How to Officially Become a Florida Resident

Norton Hammersley Estate Planning, Real Estate Law

With no state income or inheritance/estate tax, Florida is becoming a preferred destination for more than 330,000 individuals annually.
If you are thinking about or have just made the move follow these steps to confirm and establish your legal domicile in Florida.

We are often asked how to become a Florida resident, or how to maintain that residency. This decision can be an emotional decision, but it needs to be analyzed as completely as possible prior to making such an important decision. Prior to making a decision of this importance, we advise clients to seek professional guidance from their attorneys, accountants, financial advisors, and other trusted advisors. Florida does not impose any individual income tax or estate tax, but there are a broad range of implications to consider.

Following are some topics, arranged in no particular order, that one might consider in analyzing whether Florida residency is right for you. There are additional issues, and the analysis for each client can be different. However, these provide a good starting point for a discussion with your advisors.

  1. File a Declaration of Domicile.
  2. Register to vote and then vote in Florida.
  3. Obtain a Florida library card.
  4. Notify tax and voting officials of your previous residence that you have become a resident of Florida.
  5. Apply for Homestead Exemption. Implications? – 3% Cap, creditors, tax exemption.
  6. Titling Homestead property.
  7. Register your pets with a Florida veterinarian.
  8. Register your vehicle in Florida and obtain a Florida driver’s license.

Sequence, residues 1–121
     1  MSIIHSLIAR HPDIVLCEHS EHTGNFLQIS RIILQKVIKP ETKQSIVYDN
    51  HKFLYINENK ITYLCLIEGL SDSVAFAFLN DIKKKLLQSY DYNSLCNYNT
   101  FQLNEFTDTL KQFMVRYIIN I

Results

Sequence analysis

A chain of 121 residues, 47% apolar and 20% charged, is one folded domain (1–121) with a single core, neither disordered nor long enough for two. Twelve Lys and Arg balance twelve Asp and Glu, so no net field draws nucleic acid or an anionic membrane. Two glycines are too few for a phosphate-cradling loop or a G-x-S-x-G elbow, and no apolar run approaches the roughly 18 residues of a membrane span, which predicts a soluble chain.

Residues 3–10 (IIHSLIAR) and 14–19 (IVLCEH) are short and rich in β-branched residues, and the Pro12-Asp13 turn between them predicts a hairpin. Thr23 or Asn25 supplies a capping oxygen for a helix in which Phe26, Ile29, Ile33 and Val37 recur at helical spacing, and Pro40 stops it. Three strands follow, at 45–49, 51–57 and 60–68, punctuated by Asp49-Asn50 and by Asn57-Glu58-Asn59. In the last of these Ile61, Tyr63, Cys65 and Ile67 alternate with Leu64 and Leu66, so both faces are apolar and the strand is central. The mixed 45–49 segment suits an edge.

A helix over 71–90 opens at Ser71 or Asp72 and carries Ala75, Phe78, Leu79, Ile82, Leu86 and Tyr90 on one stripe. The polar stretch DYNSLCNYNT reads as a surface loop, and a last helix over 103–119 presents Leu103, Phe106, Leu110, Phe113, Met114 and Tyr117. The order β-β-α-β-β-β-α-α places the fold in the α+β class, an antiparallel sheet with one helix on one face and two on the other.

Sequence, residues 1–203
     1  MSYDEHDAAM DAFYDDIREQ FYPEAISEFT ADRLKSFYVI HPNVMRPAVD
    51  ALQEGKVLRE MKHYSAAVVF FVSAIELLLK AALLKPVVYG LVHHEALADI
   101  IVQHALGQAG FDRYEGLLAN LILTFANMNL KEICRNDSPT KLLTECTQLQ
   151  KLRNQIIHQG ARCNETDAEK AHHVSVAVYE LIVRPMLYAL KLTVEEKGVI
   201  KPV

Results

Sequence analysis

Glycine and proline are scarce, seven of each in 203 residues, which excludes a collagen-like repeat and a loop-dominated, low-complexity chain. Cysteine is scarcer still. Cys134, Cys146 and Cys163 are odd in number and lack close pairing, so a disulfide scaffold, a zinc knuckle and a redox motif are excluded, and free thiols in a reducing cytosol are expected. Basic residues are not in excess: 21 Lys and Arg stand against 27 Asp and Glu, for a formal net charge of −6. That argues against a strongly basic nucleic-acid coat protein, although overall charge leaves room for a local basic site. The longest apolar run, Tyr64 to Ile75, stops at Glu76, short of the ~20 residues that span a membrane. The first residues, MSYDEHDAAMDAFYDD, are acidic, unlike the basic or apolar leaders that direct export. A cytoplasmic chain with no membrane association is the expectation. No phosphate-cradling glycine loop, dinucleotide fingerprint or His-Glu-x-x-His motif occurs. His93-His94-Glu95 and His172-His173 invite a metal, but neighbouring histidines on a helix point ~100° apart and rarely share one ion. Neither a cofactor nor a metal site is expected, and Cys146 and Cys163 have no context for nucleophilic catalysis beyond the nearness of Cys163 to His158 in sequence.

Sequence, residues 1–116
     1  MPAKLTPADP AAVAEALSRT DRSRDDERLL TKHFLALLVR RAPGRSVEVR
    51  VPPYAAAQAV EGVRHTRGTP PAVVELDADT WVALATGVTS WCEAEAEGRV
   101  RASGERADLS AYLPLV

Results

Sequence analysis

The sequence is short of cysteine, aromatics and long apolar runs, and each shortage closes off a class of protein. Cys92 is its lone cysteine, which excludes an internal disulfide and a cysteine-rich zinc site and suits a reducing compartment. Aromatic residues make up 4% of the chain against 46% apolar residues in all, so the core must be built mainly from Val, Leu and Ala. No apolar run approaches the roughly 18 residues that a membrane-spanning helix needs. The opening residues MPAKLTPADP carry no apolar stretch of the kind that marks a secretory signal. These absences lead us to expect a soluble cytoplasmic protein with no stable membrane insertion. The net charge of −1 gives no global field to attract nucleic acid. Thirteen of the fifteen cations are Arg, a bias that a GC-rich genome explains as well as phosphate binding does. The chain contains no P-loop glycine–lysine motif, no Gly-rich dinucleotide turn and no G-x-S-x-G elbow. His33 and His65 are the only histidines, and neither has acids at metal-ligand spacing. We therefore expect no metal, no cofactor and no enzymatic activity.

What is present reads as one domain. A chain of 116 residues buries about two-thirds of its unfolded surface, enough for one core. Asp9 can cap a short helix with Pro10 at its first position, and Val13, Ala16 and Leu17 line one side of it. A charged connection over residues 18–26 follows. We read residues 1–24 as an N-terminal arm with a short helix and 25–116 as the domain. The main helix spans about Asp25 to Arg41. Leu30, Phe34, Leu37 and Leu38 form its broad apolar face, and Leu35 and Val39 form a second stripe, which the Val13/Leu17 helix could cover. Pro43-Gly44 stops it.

9. Obtain a Florida resident fishing license and terminate ones from other states.
  10. List Florida as residence in all deeds and other documents.
  11. Use your Florida address in filing your Federal income tax return with the IRS. If possible, file final tax returns for state of previous residence.
  12. Use Florida residence/address whenever possible, including hotel and airline reservations.
  13. The physical presence in Florida of securities is not essential nor is the Florida address for receipt of dividends where there is a valid reason for convenience to the contrary.
  14. Notify the Social Security Administration of your change of address.
  15. Establish and transfer financial accounts to Florida.
  16. Establish Florida health and wealth based professional relationships – doctors, attorneys, accountants, and financial advisors.
  17. Use Florida address for your passport.
  18. Use Florida address for your charge accounts.
  19. Notify social clubs of your Florida address for their membership rolls.
  20. Join Florida religious and social organizations.
  21. Obtain a safe deposit box in Florida (close others).
  22. Update your Will and/or Trust Agreement(s) to conform with Florida law and declare Florida as your residence.
  23. Execute a Florida health care surrogate, living will, declaration of preneed guardian, and durable power of attorney.
  24. Transfer your health insurance to Florida.
  25. Direct that all income checks, pension, dividends, interest, etc. should be sent to your Florida address or Florida account.
  26. Move your business to Florida.
  27. How much time to spend in Florida? How about in your prior state?
  28. Non-Florida “tax scouts.”
  29. Choice of fiduciaries.

For assistance when moving to Florida contact our office. Established in 1988, the Sarasota law firm of Norton, Hammersley, Lopez & Skokos, P.A. offers the highest-quality personal service for individuals and businesses.
With a wide range of practice groups and talented, ethical and dynamic attorneys, Norton, Hammersley offers the best of both worlds by utilizing extensive legal resources and knowledge in servicing each of its individual and business clients.

With over 25 years of Sarasota Law Practice experience, Norton Hammersley, a Martindale-Hubbell AV-rated law firm, is comprised of 10 attorneys and four main practice groups: real estate, business and tax law, trial practice and dispute resolution, and estate planning/administration and asset preservation.